Ontario wild boar ban makes no sense: farmer
Fred de Martines runs one of Ontario’s largest and longest running wild boar farms. The Perth County, Ont. farmer has spent nearly 30 years selling his rare meat to butcher shops and restaurants in the Greater Toronto Area, but that will all come to an end in two years' time.
“I don’t want it to come to an end, but the government of Ontario has decided that in order to fight the wild pigs that are out there, we have to get rid of all the responsible wild boar farmers in the province first. It makes no sense,” he says, while looking over his herd of 150 wild boars.
This October, the provincial government announced the ban on raising wild boars, in response to sightings of wild pigs in parts of the province.
Officials think the wild boars are escaping from farms and multiplying once back out in nature. A pack of 10 or more wild boars were recently spotted near Pickering, rooting up people’s lawns and fields.
“They also spread diseases, so they carry a number of pathogens and they can spread this to other livestock, native wildlife and in some cases, even humans,” says Erin Keon, a research scientist with the Ministry of Natural Resources and Forestry.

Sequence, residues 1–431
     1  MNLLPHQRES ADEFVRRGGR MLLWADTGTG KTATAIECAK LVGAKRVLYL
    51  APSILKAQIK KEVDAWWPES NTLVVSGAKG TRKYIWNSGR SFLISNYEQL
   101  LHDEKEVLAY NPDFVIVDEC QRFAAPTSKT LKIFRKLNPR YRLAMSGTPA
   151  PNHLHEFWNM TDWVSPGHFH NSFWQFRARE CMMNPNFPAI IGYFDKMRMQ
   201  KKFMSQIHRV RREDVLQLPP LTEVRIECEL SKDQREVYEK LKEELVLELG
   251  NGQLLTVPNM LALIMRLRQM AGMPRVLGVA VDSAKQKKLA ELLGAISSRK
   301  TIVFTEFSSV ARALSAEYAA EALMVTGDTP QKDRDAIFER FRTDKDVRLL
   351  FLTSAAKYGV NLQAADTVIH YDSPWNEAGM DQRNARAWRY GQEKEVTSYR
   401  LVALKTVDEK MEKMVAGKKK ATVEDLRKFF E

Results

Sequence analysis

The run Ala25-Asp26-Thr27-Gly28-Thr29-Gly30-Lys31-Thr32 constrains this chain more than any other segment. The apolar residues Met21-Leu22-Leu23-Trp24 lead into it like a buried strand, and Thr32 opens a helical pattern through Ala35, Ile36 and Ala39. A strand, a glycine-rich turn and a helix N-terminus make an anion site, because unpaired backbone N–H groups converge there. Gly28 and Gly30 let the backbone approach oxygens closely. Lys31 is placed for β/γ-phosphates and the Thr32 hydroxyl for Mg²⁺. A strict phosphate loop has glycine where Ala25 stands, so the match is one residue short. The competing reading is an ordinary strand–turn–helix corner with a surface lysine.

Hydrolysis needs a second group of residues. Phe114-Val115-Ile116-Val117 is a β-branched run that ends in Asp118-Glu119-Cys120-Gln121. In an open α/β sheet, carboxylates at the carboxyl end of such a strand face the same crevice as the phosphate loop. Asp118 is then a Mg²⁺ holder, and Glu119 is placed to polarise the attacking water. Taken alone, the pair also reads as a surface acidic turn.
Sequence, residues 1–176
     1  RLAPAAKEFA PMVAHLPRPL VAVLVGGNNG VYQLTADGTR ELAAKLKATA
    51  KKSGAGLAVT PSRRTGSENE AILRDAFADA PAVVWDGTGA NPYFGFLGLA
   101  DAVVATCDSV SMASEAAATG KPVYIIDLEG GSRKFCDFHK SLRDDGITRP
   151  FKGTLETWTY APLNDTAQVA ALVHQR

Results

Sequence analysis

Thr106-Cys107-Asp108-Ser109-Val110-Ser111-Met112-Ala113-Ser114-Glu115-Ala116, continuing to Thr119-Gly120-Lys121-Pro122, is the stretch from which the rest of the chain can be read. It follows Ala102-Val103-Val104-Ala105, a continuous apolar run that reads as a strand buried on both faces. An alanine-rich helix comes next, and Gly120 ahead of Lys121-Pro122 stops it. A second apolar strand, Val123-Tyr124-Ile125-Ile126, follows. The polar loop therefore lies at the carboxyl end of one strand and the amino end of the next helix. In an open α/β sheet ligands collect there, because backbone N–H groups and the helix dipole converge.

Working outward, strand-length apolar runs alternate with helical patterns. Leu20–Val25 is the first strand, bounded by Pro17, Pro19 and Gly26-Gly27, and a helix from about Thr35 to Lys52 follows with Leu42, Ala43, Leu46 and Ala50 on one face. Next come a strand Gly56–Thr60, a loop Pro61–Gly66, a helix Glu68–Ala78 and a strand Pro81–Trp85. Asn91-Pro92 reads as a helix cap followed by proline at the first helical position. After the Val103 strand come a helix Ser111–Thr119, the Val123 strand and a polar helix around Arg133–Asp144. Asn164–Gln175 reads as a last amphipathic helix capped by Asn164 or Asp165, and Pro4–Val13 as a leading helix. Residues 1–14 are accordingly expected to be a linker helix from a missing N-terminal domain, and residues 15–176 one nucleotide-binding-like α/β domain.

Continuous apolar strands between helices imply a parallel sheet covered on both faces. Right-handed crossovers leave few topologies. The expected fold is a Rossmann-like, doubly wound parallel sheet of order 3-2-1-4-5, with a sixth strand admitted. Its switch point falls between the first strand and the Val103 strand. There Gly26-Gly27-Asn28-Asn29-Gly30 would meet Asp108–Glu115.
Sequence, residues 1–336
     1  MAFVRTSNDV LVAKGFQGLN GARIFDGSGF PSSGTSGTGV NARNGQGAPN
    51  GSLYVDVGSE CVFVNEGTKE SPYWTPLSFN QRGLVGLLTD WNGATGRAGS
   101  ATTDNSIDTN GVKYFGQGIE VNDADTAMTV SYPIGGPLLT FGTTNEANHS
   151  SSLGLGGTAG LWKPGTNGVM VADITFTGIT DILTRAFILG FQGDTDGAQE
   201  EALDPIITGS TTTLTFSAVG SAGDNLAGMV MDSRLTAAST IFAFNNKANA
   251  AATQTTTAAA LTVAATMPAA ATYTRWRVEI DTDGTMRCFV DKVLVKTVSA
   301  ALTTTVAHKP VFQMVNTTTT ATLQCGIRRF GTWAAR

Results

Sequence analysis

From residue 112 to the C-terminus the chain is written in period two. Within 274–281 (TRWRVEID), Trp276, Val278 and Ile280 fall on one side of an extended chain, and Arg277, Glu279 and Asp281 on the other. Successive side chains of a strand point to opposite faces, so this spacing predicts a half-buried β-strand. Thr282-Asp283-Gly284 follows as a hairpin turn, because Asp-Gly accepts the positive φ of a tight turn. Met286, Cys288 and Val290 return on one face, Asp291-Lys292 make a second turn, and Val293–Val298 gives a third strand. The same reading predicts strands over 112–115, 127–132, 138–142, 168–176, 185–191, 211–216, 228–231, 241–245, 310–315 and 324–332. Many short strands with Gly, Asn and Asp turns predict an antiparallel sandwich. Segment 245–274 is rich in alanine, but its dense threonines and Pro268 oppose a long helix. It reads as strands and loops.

De Martines says he doesn’t want wild boars roaming the province either, but his family farm, Perth Pork Products, is not to blame.
“We’ve had the odd one get out, but we solve that problem, right away. There are no animals out there in the wild that came from this farm. The ministry has a map of wild boar sightings in the province. You can draw a wide circle around Perth Pork Products farm and will not see any sightings because we are not part of the problem."
Because there are so few few wild boar producers in Ontario, fewer than 10 says de Martines, producers have very little clout to try and change the government’s mind.
The province is offering $200 compensation per wild boar, but de Martines says that doesn’t come close to covering his cost of production.
He’s beyond frustrated that a business he’s spent half his life building will come to a conclusion at the end of 2023.
“We are producing a legal product, in a legal and responsible way, and all of a sudden it’s made illegal. And not because of us, we haven’t done anything wrong. It’s beyond frustrating,” he says.
De Martines says in Quebec and Manitoba, they allow people to hunt the wild boars. Instead of shutting down his business, that’s an approach he’d like to see implemented in Ontario.